Corgi AA35710 German Messerschmitt Me 262A-1A Fighter - Plt.Ofz. Franz Gapp, "Red 7", 8./Kampfgeschwader 6, Podersam, Saaz, Germany, May 1945 (1:72 Scale)
"It was as if an angel is pushing you..."
- Adolf Galland, discussing his first flight in the Me 262 jet fighter
The jet-powered Me 262 Sturmvogel ("Stormbird") has long since gained its place in the annals of international aeronautical history. With its sleek aerodynamic design and high performance jet engines, the Me 262 radically changed the way in which air combat was waged.
The first design work on the Me 262 began in October 1938, with the first test flight, piloted by Fritz Wendel, occuring on April 18th, 1942. Tests continued well into 1942, although by this time the Me 262 was outfitted with two highly-efficient BMW turbojet engines. When he saw the aircraft for the first time in early 1943, Hitler insisted that the plane be designed as a low-level bomber instead of a fighter, which undermined the sleek aerodynamic properties of the jet aircraft. After much in-fighting among the Luftwaffe's upper echelons, the plane was eventually converted back into a high level interceptor, with series production beginning in the spring of 1944. The first jet fighter unit, commanded by Major Walter Nowotny, was formed in the summer of 1944 and was composed of many of the Luftwaffe's leading aces.
By war's end, 1,433 Me 262s had been produced, far too few a number to have much of an impact on the Allies strategic bombing campaign. In the end, the Allies' superiority in numbers overcame the tremendous technical achievements ushered in by the Me 262 program.
Pictured here is a 1:72 scale replica of a German Messerschmitt Me 262A-1A fighter that was flown by Plt.Ofz. Franz Gapp, who was attached to 8./Kampfgeschwader 6, then deployed to Podersam, Saaz, Germany, during May 1945.
Release Date: September 2016
Historical Account: "The Final Days of the Luftwaffe" - Direct interference from senior military commanders severely restricted the effectiveness of the Messerschmitt Me 262 jet, as they procrastinated about whether it should be used as a fighter, or a bomber. Luftwaffe pilot Franz Gapp perfectly illustrated this problem - a highly decorated bomber pilot, who flew more than 400 missions, mainly in the Ju-88 fighter-bomber, Gapp transferred to an Me 262 attack unit, where it was hoped the speed of the new jet would see significant strategic bombing successes.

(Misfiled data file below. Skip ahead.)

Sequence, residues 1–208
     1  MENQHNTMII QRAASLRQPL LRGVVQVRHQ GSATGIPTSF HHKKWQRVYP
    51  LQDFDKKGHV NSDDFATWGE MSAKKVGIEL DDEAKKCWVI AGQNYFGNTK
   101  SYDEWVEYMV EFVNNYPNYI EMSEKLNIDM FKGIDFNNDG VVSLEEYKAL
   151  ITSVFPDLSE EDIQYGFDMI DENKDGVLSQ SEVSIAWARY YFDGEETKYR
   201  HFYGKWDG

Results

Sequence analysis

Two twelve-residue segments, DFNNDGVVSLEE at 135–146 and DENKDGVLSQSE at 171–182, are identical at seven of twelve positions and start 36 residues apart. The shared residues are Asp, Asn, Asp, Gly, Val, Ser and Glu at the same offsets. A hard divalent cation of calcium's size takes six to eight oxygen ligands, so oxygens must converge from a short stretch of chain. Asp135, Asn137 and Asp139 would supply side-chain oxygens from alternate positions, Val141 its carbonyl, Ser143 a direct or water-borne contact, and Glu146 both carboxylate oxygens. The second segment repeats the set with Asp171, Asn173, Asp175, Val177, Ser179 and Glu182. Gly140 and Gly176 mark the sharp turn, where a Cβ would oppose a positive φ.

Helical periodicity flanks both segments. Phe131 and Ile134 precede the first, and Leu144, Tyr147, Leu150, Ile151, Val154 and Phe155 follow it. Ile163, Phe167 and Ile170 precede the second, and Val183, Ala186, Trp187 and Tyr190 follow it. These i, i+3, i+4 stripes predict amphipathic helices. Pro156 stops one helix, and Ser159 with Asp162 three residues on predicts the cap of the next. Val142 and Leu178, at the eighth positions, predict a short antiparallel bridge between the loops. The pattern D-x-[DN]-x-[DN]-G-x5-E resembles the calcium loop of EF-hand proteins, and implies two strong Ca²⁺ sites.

Heavy losses and a shortage of experienced pilots dictated that surviving Me 262 bomber units were amalgamated into ad hoc fighter units, required to defend the Reich against Allied air attacks - despite his bombing credentials, Gapp went on to score a number of victories against US heavy bombers. On May 7th, 1945, Gapp flew his Messerschmitt Me 262 jet fighter towards the west, in an attempt to avoid capture by advancing Soviet forces. He crash-landed his jet into a newly ploughed field near Podersam (Saaz), before destroying his aircraft, thus denying its use by Allied forces.
During the closing stages of the Second World War, the beleaguered Luftwaffe were left hoping that one of Hitler's wonder weapons would help to stem the tide of increasing Allied attacks, which were taking a withering toll on their numbers. Unfortunately for them, their defeat was simply a matter of time, but not before the German aviation industry managed to show their technological prowess with the introduction of the first operational jet fighter in the world - the sinister looking Messerschmitt Me 262. Even though the Me 262 was highly advanced, it never had the chance to make a significant difference, as Allied air superiority was so significant, that any Luftwaffe airfields still operating aircraft were subjected to almost constant attack - they were literally unable to safely take off, or land.